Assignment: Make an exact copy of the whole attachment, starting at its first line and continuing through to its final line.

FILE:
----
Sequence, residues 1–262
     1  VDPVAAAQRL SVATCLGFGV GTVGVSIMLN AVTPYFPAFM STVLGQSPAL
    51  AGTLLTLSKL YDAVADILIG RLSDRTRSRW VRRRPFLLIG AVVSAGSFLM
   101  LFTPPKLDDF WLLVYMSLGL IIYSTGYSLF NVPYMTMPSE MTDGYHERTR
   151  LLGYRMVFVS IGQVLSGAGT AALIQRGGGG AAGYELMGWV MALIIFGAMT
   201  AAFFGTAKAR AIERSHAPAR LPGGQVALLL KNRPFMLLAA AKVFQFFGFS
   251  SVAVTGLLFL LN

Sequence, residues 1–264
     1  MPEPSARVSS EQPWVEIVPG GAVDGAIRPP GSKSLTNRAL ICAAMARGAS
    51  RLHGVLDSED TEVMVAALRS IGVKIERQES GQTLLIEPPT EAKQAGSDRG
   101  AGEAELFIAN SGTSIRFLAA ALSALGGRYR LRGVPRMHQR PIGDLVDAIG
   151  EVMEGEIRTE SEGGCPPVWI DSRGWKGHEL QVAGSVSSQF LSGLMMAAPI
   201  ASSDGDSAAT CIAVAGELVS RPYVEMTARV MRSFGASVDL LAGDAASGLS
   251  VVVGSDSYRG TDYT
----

Sequence, residues 1–262
     1  VDPVAAAQRL SVATCLGFGV GTVGVSIMLN AVTPYFPAFM STVLGQSPAL
    51  AGTLLTLSKL YDAVADILIG RLSDRTRSRW VRRRPFLLIG AVVSAGSFLM
   101  LFTPPKLDDF WLLVYMSLGL IIYSTGYSLF NVPYMTMPSE MTDGYHERTR
   151  LLGYRMVFVS IGQVLSGAGT AALIQRGGGG AAGYELMGWV MALIIFGAMT
   201  AAFFGTAKAR AIERSHAPAR LPGGQVALLL KNRPFMLLAA AKVFQFFGFS
   251  SVAVTGLLFL LN

Sequence, residues 1–264
     1  MPEPSARVSS EQPWVEIVPG GAVDGAIRPP GSKSLTNRAL ICAAMARGAS
    51  RLHGVLDSED TEVMVAALRS IGVKIERQES GQTLLIEPPT EAKQAGSDRG
   101  AGEAELFIAN SGTSIRFLAA ALSALGGRYR LRGVPRMHQR PIGDLVDAIG
   151  EVMEGEIRTE SEGGCPPVWI DSRGWKGHEL QVAGSVSSQF LSGLMMAAPI
   201  ASSDGDSAAT CIAVAGELVS RPYVEMTARV MRSFGASVDL LAGDAASGLS
   251  VVVGSDSYRG TDYT